When abnormal becomes the new normal

Updated: Nov 8, 2021


The Covid-19 pandemic has spawned new travel protocols at every airport. Photo by Mar-Vic Cagurangan

Dr. Anthony Fauci said we are likely to return to normalcy by May 2022. We are not holding our breath. When we’ve lost confidence even in the nation’s top doctor, we don’t know what and whom to believe anymore. We fall back on our own intuition.


We have been falsely told a number of times that “normalcy” was just around the corner. This time though, we shrug it off as yet another "false alarm.” We don’t even know anymore what normal looks like. It means we resume our pre-pandemic routines, right? Hmmn...


We have been wearing face masks for nearly two years that being barefaced in public now makes us feel shamefully naked. Face masks have become part of our “normal” outfits.


Those old enough to remember 9/11 may have hazy recollections of what the world was like before the World Trade Center’s twin towers collapsed and subsequently redefined “normal.”


I remember that the process of traveling was not as tedious then. Security screening wasn’t as intrusive as it is now. You didn’t need to worry about wearing a nice pair of socks because there was no requirement to remove your shoes.


There were no long checkpoint lines and passengers could walk right to the gate, carrying drinks, perfume, lotion and other liquids. But after 9/11, even baby bottles have become suspect.


Security measures evolved with new threats. We must take off their belts, jackets and hats. We must extract items, such as laptops and similar devices, from our carry-on bags for scanning.


Last month, I traveled for the first time in 20 months. More than the fear of getting infected by Covid, my anxiety was triggered by the pandemic-driven measures and protocols.


Flying to Hawaii requires logging into the government’s safe travel app, uploading your vaccine card and downloading a QR code.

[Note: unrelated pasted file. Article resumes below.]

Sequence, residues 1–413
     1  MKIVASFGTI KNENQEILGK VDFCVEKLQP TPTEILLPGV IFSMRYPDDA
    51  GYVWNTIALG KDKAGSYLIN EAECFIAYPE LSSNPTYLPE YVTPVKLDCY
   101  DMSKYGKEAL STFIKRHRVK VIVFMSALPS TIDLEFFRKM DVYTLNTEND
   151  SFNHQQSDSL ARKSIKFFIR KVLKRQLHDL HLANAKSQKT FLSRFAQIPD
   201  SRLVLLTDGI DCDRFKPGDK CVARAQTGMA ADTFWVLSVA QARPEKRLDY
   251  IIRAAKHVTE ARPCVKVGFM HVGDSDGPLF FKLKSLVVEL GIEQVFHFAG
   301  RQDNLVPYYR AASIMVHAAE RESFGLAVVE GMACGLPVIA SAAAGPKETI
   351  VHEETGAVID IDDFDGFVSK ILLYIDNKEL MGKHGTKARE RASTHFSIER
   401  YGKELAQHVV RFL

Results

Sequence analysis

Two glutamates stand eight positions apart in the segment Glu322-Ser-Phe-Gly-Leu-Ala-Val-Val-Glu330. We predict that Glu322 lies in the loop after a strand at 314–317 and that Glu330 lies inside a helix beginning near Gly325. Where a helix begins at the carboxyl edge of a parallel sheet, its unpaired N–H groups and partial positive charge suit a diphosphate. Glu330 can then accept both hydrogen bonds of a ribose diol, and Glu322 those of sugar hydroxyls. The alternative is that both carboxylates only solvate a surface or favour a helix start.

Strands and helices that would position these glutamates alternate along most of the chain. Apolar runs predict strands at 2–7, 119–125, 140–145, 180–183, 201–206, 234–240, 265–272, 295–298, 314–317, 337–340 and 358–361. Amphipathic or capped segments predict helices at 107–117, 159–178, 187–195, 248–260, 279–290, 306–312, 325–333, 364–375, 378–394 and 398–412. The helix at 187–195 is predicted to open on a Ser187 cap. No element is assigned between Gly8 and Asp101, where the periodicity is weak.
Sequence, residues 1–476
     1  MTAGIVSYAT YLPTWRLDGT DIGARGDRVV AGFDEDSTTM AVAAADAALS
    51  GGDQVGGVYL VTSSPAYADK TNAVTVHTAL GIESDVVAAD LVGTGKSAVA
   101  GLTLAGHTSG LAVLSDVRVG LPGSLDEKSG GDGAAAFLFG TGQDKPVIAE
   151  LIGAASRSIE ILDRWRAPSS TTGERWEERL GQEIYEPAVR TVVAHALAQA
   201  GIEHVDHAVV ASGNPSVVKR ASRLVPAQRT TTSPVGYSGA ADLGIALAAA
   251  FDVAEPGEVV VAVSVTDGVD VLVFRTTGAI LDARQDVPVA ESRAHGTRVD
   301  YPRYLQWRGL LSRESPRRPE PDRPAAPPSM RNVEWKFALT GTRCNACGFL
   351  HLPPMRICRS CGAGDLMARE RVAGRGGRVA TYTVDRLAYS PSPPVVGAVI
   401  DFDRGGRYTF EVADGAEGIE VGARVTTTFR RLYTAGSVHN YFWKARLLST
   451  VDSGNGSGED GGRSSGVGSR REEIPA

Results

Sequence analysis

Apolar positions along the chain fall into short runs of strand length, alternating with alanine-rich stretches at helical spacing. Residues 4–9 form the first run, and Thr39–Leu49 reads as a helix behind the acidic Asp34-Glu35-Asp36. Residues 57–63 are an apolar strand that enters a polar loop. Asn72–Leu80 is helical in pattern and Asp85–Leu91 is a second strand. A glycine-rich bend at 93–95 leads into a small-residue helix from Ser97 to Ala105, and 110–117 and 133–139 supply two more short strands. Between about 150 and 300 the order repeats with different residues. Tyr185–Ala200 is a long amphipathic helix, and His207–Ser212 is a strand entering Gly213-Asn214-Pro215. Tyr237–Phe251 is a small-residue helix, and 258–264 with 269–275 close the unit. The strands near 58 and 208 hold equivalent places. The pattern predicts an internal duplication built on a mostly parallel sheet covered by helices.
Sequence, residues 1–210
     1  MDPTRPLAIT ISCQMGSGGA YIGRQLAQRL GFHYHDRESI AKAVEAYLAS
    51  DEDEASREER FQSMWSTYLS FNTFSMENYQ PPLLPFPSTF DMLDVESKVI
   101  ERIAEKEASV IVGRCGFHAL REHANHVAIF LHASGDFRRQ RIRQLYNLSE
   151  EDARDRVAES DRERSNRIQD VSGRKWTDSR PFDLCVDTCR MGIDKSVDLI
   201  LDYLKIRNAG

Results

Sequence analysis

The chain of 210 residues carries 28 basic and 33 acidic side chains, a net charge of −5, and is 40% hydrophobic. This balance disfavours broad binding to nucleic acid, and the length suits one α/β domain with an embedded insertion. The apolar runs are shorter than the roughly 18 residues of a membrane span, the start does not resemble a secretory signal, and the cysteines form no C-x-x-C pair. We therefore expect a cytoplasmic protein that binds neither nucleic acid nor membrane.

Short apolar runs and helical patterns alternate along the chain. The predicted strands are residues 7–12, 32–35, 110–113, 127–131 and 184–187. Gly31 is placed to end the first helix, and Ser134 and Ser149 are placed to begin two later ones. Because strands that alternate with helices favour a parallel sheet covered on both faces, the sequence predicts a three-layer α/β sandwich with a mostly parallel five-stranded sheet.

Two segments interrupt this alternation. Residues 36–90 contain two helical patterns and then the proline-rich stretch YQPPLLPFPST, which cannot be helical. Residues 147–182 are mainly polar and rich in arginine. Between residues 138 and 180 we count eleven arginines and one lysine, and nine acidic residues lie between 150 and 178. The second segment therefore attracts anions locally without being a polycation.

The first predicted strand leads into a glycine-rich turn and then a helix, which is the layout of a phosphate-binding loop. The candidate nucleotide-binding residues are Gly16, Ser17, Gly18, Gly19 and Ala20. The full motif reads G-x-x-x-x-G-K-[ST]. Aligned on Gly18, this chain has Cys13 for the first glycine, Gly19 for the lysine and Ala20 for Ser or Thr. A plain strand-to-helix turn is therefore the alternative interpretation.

Aboard the plane, public announcements disrupt movie viewing, reminding passengers of what to do—"wear your masks”— throughout the flight and what to expect upon landing in the destination. It evoked an eerie dystopian feel. It’s “1984” in 2021.


Flight attendants did their rounds every 20 minutes, waking up sleeping passengers—unapologetically—when their masks were pulled under their noses or completely off their faces.


Upon landing, there’s a long line for temperature check and QR code scan. It occurred to me that this might be the new normal, another layer of inconvenience piled up on top of the post-9/11 airport policies and procedures.


Hotels and restaurants in Hawaii follow the same procedures that I have become familiar with. Log in, wear your mask and show your vaccination card like a badge of privilege. Only the vaccinated can enter.


At a certain point, it begins to feel oppressive. When is this going to end? When it begins to seem nonsensical, we start questioning the policies that we were told would, but did not, curb the Covid transmission.


On Guam, we continue seeing a spike in breakthrough infections despite the policy that divides the community between the vaccinated and the unvaccinated. We succumb to the pandemic of experimental government policies.


Now we have booster shots. Will it curb breakthrough infections? It may or it may not, said Dr. Ann Pobutsky, the territorial epidemiologist. “We don’t know. We are going to watch it. That’s all we can do: watch what happens,” she said


Thank you for the candor. Thank you for not giving us false hopes.


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But Dr. Pobutsky was miffed by people’s “obsession” with breakthrough cases. “Ever since we started vaccinating, there has been an obsession with breakthrough cases,” she said. "People continue to ask about breakthrough cases. They want to hear about every single breakthrough case and it is just, to my mind, getting a bit ridiculous.”


Ridiculous? Well...


When a government policy that affects the way we live is premised on curbing infections but is not living up to its promise, it is fair to demand more transparency and justifications for limiting our movements and ostracizing the unvaccinated. Banning people from fitness and wellness facilities—on an island teeming with a high rate of noncommunicable diseases that can be prevented by fitness activities—is, to my mind, a bit ridiculous.


Gov. Lou Leon Guerrero last month issued a new executive order extending the public health emergency for yet another 30 days. Recycling this directive ad infinitum can’t be the new normal.



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